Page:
@cmackenzie – since you prodded me, I decided to go in depth to make sure I’m modeling the inertias correctly, since I’m finalizing my machine-learned kinematic model. Since I never fully verified that I integrated the tensor correctly, I figured now’s the right time, or else I could have bad IRL motion planning results. Here’s the inertia tensor & center of mass in the servo’s URDF on its own. Does this look the way you expect?

Specifically, here’s the question points I have:

1. In the solidworks output, I can see that the CoM is at 14.86,0.61,-0.06. The output shaft is located at 12.7 though, so I put a CoM of 12.7,0,0. Is the true center of mass slightly offset from the shaft?
2. Is the orientation of the inertia tensor correct (based on your understanding), or do I have it rotated incorrectly?
3. Am I totally confusing the origin & center of mass, and the center of mass is actually supposed to be slightly offset from the center of the servo casing? i.e., is the center of mass (14.86,0.61,-0.06) relative to the origin (the point centered on the shaft)?

This first image is of the inertia tensor at 12.7,0,0:

This second image is of the inertia tensor at the CoM from Solidworks (slightly left and nearer to the camera than the perfectly centered one):

This third image places the center of mass at the Solidworks CoM offset relative to the origin you described:

Thank you for clarifying which of these (if any) are the right approach I ended up discovering a bug in how I handle URDF/SCAD/STL binding after my excessively short comment, which motivated me to finish & correct this part of the code.

Over the last month, I’ve written a new gait controller based on central pattern generators & diffeqs that’s easier for steering, and I’ve spent a lot of time refining the FDM printing results (adjusting clearances, levels of reinforcement, designing a tool to help assemble the heat-set inserts).

If I understand you correctly, I would say your #3 is correct. The center of mass is close to the center of the servo on all axis…but the origin is coincident around the output shaft’s rotating axis. To confirm I setup a little test in the real world by balancing the servo onto a vertical stick to find it’s actual center-of-mass, then measured with calipers. I was able to confirm my solidworks CoM to within a mm (my lame balance-on-a-stick cant get any better than that lol). Perhaps you can repeat this test on your bench? So as you say in #3, the CoM is 14.86mm away from the shaft towards the center of the servo, and the shaft is 12.7mm away from the case edge…so distance from CoM to the same case edge would be ~27mm. I cant see what XYZ coordsys you are in on those pics.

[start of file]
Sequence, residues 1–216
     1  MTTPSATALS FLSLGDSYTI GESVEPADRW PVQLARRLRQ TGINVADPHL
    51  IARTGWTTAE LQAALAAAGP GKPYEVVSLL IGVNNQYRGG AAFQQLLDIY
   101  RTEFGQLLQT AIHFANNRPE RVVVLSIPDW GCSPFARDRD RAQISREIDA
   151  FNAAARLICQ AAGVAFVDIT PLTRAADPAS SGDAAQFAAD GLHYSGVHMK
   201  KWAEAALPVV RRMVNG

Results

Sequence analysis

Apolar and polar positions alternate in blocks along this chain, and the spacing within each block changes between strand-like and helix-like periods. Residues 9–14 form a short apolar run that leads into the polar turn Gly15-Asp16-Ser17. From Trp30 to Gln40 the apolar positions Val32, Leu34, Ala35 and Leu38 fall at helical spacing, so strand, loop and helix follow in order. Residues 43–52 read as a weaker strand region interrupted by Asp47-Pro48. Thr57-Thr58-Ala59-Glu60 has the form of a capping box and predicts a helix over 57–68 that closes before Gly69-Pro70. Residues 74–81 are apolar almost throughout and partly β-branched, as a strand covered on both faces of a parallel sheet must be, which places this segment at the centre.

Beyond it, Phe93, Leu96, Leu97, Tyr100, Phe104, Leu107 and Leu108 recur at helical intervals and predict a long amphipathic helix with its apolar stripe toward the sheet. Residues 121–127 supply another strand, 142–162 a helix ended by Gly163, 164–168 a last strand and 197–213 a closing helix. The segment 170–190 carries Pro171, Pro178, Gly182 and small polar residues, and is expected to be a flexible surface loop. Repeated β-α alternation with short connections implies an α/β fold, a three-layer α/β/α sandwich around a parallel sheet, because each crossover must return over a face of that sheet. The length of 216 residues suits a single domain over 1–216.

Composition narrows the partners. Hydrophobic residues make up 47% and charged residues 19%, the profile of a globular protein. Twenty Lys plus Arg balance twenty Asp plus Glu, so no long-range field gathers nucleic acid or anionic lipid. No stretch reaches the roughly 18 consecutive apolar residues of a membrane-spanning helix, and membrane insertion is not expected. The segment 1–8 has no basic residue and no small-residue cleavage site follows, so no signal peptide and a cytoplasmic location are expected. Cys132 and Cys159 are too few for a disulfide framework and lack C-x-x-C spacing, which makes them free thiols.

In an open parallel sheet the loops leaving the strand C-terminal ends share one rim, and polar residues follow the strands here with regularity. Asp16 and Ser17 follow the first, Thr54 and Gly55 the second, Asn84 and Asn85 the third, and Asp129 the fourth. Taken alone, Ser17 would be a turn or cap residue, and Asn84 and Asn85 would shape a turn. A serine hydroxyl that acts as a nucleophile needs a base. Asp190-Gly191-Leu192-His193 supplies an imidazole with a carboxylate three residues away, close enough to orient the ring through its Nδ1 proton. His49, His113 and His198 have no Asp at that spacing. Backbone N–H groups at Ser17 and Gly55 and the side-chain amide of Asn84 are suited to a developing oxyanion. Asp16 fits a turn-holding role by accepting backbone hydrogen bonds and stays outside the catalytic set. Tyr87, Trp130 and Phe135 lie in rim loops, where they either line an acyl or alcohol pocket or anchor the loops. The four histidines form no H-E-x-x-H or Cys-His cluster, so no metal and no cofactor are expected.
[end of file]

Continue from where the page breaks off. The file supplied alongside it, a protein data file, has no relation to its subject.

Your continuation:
I did up a pic of measurements. Blue is Origin, Pink is CoM. I’ve also included my LSS Public solidworks model, perhaps you can open it and take a look.

LSS-Public.zip (5.5 MB)

Thanks @cmackenzie–those images are perfect. I’ve made the appropriate minor adjustments to my model, and now I’m sure it matches yours.

Unfortunately, one downside of working in my own CAD environment is that I end up using various output tools to visualize, like Gazebo (to see inertial data) and openscad (to see transforms). So, there’s not really a coordinate system in the pictures I’ve attached, since they’re screenshots from the simulator Gazebo while it’s paused. Thank you for the solidworks files as well!

Here’s the final aligned tensor (pink rectangle) & CoM (black & white sphere) isometrically viewed (the part is transparently rendered):

I’m not sure exactly how to interpret the Gazebo CoM overlays. I remember looking at them in Gazebo and it was how I figured out my odom=>body connection was messing up my Body’s CoM and knocking it way off screen. After fixing up it overlayed similar to yours. I am wondering why the pink box extends so far in the one axis. I guess that is because CoM and origin are far apart on that axis compared to the other two axis where CoM and origin are very close… Idk.

So do you already have a python method to calculate a combined Interial tensor given two or more other bodies and their tensors?

To interpret the gazebo com overlays, you need to treat the CoM sphere as one thing (the location ), and the pink inertial tensor as visualizing the stretched properties of the tensor (eg a solid cube or sphere has a perfect cube as the tensor). The stretch in particular is coming from the difference in inertia in one axis vs the others (I wonder if I have it aligned to the correct axis, but oh well)

I don’t have python code to combine tensor, but gazebo does combine tensors between multiple pets with fixed joints. The trick is that gazebo then treats the origin for each of those parts as the origin of the first part in the fixed joint whose parent is non-fixed—I have python code that analyzes the part hierarchy and recomputes the correct transforms so that the urdf assemblies work in gazebo. For now, that’s been working well for me.